This week, Jon Stewart devoted his edition of The Daily Show to tackling a topic that he claims his former bosses at Apple barred him from exploring. “I wanted to have you on a podcast and Apple asked us not to do it,” the late-night host said to his guest Monday night, Federal Trade Commission Chair Lina Khan, referencing the companion podcast to his former series, The Problem with Jon Stewart that ended last October. “They literally said, ‘Please don’t talk to her.’”

Stewart’s remarks arrive less than two weeks after the U.S. Justice Department sued Apple for exploiting its monopoly in the tech market and violating antitrust laws. The lawsuit highlights Apple’s “power over content creators and newspapers” and notes that the company’s conduct “even affects the flow of speech,” adding, “Apple is rapidly expanding its role as a TV and movie producer and has exercised that role to control content.”

After joking that Apple killed Khan’s potential appearance on the podcast because “I didn’t think they cared for you,” Stewart alleged that Apple also told him not to discuss artificial intelligence. “They wouldn’t let us do even that dumb thing we just did in the first act on AI,” he said, referring to a segment earlier in that episode on the “false promise” of that technology. Stewart then asked Khan: “What is that sensitivity? Why are they so afraid to even have these conversations out in the public sphere?”

Khan replied, “I think it just shows the danger of what happens when you concentrate so much power and so much decision making in a small number of companies.”

  • @mansfield
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    1313 months ago

    When you work for Apple, Apple gets to tell you what to do. Same goes for any corporate owned media outlet.

    Jon Stewart has more than enough money to just quit, which he did. Most normal folks do not have this luxury so they tow the line.

    Welcome to the reality that the US economic system.

    No real free speech, no real agency in our economy, captive regulators that like to masquerade as populist heros but rarely actually do any real damage to sociopathic corporations.

      • @[email protected]
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        83 months ago

        I guess that makes sense, like saying ‘I’m doing ten toes’ when you’re walking, you toe the line means your walking close to the line but not over?

        • @ripcord
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          103 months ago

          It came from the navy, with everyone standing with their toe to an imaginary line.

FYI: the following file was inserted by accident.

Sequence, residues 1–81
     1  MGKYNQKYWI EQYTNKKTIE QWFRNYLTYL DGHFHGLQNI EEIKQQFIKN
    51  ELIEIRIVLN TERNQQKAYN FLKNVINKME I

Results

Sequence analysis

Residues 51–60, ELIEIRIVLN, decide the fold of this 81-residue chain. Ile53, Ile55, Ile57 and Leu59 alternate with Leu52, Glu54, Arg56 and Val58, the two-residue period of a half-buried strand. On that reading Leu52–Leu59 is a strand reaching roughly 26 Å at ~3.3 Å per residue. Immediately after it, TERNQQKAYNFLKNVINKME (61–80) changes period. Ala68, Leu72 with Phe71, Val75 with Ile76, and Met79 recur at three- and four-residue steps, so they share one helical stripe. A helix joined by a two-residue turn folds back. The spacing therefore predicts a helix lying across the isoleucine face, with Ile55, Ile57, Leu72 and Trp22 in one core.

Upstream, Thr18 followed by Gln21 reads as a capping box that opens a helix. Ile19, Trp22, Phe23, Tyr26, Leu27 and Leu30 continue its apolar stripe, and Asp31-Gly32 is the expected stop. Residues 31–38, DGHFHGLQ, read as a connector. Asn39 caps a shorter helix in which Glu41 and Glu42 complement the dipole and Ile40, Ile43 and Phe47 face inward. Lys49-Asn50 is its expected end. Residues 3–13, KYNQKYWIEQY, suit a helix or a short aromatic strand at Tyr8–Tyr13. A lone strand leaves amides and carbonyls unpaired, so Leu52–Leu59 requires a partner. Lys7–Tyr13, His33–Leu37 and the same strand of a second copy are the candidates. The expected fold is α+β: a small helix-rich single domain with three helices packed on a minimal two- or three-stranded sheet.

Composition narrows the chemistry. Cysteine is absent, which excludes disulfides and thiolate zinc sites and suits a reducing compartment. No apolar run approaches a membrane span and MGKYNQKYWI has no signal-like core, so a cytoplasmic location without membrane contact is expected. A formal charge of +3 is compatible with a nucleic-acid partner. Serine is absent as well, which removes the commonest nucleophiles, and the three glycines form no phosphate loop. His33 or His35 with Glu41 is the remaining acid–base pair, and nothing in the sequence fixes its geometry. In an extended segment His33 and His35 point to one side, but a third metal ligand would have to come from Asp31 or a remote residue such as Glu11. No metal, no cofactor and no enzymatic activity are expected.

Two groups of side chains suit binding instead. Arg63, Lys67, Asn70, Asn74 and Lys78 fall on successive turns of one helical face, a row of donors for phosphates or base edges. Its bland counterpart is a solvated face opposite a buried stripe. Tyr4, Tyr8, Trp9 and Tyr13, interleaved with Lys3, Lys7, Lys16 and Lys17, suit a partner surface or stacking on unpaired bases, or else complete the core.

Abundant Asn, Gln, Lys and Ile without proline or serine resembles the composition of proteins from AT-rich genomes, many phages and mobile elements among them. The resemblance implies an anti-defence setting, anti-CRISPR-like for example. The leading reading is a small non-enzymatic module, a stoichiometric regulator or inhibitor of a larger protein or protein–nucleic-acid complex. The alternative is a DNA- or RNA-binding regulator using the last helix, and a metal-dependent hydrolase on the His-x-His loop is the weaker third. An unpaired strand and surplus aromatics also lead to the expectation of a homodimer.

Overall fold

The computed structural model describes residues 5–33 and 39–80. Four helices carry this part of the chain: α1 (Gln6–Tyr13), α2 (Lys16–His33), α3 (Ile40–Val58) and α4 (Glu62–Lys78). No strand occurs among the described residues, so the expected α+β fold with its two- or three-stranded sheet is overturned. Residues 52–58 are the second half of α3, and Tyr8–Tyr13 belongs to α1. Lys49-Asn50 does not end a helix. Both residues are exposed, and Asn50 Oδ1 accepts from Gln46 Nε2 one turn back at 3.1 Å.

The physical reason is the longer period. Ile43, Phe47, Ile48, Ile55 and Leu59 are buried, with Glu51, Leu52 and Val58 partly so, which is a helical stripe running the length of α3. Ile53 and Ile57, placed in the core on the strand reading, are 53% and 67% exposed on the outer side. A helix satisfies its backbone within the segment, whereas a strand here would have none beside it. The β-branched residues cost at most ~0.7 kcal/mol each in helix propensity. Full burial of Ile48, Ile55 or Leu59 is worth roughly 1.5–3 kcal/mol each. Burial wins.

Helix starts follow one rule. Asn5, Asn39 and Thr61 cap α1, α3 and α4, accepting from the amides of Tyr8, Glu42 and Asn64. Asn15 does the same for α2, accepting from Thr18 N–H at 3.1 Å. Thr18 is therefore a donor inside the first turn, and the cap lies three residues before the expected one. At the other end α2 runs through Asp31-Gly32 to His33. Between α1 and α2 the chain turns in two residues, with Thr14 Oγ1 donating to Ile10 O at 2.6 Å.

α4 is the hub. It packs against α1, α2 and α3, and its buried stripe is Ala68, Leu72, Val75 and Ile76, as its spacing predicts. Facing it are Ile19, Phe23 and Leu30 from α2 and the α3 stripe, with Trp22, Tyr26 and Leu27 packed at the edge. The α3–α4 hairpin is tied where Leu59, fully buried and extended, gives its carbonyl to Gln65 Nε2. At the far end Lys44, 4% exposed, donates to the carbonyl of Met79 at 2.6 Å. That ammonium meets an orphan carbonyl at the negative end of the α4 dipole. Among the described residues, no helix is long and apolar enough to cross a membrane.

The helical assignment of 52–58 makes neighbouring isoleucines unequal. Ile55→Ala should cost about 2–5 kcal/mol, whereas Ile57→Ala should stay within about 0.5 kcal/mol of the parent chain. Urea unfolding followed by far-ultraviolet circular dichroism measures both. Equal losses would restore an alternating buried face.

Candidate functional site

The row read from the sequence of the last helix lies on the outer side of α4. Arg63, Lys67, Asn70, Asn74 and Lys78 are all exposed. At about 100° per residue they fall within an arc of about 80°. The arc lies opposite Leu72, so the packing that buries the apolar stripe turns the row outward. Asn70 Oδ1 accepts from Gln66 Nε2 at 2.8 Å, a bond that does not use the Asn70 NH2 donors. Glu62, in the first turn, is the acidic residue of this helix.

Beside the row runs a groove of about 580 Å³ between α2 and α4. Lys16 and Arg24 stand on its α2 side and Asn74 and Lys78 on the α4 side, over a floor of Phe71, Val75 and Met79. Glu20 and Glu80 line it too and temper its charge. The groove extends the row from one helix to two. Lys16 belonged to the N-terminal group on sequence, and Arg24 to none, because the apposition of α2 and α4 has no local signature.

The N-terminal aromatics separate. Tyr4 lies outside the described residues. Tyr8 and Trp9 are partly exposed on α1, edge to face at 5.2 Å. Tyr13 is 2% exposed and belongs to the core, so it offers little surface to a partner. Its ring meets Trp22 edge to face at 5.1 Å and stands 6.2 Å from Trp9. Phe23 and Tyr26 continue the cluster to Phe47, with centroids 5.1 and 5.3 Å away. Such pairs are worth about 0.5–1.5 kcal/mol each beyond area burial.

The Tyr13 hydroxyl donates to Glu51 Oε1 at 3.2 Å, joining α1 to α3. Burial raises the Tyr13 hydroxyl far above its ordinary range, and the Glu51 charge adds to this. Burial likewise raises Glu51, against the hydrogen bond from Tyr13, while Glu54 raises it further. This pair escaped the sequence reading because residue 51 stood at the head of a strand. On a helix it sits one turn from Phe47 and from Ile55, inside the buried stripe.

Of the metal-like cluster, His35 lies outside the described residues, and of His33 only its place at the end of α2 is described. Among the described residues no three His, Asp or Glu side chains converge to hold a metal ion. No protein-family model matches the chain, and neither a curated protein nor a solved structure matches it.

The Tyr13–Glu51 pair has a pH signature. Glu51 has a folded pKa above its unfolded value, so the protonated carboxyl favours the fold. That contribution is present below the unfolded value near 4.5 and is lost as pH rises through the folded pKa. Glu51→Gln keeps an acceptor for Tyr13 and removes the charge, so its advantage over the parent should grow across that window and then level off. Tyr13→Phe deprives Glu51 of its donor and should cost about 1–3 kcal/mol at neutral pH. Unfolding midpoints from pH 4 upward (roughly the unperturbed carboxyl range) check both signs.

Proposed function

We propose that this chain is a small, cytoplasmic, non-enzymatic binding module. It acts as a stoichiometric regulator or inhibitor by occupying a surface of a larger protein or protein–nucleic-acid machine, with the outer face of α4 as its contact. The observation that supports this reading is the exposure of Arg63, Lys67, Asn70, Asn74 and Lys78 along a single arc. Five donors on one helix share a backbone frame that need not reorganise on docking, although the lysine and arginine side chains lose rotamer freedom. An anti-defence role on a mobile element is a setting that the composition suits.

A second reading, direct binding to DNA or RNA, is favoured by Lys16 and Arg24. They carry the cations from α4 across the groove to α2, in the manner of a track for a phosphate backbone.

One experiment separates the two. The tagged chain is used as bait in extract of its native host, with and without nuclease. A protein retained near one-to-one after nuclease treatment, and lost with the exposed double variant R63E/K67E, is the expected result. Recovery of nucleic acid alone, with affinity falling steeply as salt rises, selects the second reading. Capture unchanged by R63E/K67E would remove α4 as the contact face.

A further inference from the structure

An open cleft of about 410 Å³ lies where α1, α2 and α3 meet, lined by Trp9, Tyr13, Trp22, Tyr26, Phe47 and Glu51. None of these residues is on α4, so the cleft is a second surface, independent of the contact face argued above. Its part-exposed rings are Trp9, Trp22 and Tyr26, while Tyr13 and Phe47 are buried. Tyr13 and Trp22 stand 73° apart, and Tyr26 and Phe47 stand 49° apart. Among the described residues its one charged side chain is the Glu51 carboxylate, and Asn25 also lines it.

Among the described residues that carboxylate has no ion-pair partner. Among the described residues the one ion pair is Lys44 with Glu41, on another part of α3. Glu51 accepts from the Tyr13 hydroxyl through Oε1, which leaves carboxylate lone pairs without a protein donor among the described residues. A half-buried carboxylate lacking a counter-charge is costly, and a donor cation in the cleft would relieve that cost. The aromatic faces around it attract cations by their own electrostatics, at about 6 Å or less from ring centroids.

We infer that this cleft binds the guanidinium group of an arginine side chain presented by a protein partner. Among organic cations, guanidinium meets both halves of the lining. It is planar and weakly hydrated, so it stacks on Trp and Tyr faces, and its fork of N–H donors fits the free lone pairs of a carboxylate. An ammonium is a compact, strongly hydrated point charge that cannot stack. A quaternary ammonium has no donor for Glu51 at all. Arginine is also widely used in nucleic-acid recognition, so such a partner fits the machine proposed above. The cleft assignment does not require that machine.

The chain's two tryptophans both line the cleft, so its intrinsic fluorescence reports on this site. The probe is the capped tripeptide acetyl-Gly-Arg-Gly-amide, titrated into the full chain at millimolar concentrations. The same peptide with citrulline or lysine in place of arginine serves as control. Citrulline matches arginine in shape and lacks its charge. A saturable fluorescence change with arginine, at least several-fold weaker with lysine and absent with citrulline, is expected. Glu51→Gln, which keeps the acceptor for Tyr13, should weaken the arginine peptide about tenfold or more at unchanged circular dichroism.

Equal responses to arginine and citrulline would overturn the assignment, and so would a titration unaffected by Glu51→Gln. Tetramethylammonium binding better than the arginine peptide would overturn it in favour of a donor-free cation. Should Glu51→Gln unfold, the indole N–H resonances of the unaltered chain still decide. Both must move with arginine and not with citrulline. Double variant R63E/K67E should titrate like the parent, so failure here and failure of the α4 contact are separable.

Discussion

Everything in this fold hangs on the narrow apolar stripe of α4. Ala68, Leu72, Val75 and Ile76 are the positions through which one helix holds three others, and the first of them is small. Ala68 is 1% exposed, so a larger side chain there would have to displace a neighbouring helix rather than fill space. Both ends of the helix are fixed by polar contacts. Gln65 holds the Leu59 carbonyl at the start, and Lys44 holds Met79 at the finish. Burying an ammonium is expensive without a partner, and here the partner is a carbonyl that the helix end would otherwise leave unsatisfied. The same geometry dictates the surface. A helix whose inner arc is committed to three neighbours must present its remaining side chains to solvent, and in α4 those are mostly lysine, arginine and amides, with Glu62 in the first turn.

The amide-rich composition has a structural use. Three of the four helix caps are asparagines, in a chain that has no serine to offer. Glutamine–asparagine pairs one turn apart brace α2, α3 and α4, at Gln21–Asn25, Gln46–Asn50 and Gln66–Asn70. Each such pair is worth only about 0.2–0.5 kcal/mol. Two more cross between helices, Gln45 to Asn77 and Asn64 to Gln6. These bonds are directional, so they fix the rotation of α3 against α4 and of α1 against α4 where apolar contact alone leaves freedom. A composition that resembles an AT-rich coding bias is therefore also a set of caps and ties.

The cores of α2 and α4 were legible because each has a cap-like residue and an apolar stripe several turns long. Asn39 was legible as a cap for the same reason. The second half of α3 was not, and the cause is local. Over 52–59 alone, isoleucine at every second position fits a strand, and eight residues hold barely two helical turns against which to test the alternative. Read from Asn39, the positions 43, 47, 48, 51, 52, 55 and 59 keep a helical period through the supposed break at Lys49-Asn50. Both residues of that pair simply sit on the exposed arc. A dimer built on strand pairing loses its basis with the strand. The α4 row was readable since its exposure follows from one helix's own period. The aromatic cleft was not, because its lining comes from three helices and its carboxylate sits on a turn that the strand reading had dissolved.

• @Potatos_are_not_friends
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        -73 months ago

        Toe the line… Haha.

        Can you send a picture of your toe? Please I need it.

        Please.

    • @[email protected]
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      183 months ago

      “He who pays the piper, calls the tune” is an old saying and not any less true today. If your livelihood and that of your family depends on someone, very, very few people will antagonize this someone.

      • @[email protected]
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        3 months ago

        State owned news media sounds like a bad idea from communistic countries, but nevertheless, plenty of European countries have just that, and it’s noteworthy how it’s much less biased than the commercial outlets. The people pay the piper.

        It actually works in democratic countries where the government is representative of the people, so that any single party can’t push their agenda to the media by laws. On the contrary it happens more often that the media is told to keep a straight line if they go too far in any direction.

        It’s no wonder it doesn’t work in dictatorships, and I don’t think it would work in two party politics, but in European countries the state media is very likely the less biased one.

          • @ripcord
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            3 months ago

            **It’s not state owned.

            Though the people do pay them, so I guess that’s the important part.

            Also, NPR.

            • The Snark Urge
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              13 months ago

              I knew I was forgetting one. But yes, a state ownd independent media would be nice. I’d be grateful just for reinstating the fairness doctrine at this point

      • RubberDuck
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        13 months ago

        In Dutch we say: “wiens brood men eet, diens woord men spreekt” which convolutedly translates to: “who’s bread one eats, thine word one speaks”… which shows this is present in many cultures.

    • ConstableJelly
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      3 months ago

      I sympathize with the cynicism in your last paragraph, but I push a little optimism back on a couple points. 1: our capability for speech may be limited by the corporations who have grabbed control over our media platforms, but insofar as freedom of speech refers to our ability to speak freely without retaliation from the government, we do still have real free speech. It’s a juvenile point, but given events in the last few years it’s not a right I take for granted as I did previously. That being said, I did just watch a video of FBI agents interrogating a woman in front of her house for posting non-violent content on Facebook relating to Gaza that you can add to a pile of evidence that the government is frequently toeing the line on free speech, so… that’s not good.